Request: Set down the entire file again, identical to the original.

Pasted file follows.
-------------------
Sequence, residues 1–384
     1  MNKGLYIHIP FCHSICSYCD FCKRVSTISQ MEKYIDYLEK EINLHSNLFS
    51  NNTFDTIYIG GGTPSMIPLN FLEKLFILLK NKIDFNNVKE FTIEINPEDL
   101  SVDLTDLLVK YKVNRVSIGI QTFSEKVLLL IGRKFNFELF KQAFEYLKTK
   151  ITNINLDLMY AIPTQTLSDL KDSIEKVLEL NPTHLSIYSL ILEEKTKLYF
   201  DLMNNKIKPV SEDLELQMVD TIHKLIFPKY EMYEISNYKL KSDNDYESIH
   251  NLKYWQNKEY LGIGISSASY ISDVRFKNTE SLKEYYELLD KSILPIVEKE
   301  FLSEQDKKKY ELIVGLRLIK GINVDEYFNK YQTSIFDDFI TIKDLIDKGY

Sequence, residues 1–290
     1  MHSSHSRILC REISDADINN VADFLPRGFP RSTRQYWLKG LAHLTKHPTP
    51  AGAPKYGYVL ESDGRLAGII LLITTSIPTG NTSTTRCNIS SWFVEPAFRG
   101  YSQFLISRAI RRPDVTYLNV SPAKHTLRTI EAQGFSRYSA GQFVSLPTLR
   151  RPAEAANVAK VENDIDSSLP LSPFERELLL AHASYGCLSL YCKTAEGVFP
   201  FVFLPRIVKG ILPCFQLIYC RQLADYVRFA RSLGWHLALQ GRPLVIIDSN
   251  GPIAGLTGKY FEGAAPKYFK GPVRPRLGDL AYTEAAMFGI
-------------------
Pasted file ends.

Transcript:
Sequence, residues 1–384
     1  MNKGLYIHIP FCHSICSYCD FCKRVSTISQ MEKYIDYLEK EINLHSNLFS
    51  NNTFDTIYIG GGTPSMIPLN FLEKLFILLK NKIDFNNVKE FTIEINPEDL
   101  SVDLTDLLVK YKVNRVSIGI QTFSEKVLLL IGRKFNFELF KQAFEYLKTK
   151  ITNINLDLMY AIPTQTLSDL KDSIEKVLEL NPTHLSIYSL ILEEKTKLYF
   201  DLMNNKIKPV SEDLELQMVD TIHKLIFPKY EMYEISNYKL KSDNDYESIH
   251  NLKYWQNKEY LGIGISSASY ISDVRFKNTE SLKEYYELLD KSILPIVEKE
   301  FLSEQDKKKY ELIVGLRLIK GINVDEYFNK YQTSIFDDFI TIKDLIDKGY

Sequence, residues 1–290
     1  MHSSHSRILC REISDADINN VADFLPRGFP RSTRQYWLKG LAHLTKHPTP
    51  AGAPKYGYVL ESDGRLAGII LLITTSIPTG NTSTTRCNIS SWFVEPAFRG
   101  YSQFLISRAI RRPDVTYLNV SPAKHTLRTI EAQGFSRYSA GQFVSLPTLR
   151  RPAEAANVAK VENDIDSSLP LSPFERELLL AHASYGCLSL YCKTAEGVFP
   201  FVFLPRIVKG ILPCFQLIYC RQLADYVRFA RSLGWHLALQ GRPLVIIDSN
   251  GPIAGLTGKY FEGAAPKYFK GPVRPRLGDL AYTEAAMFGI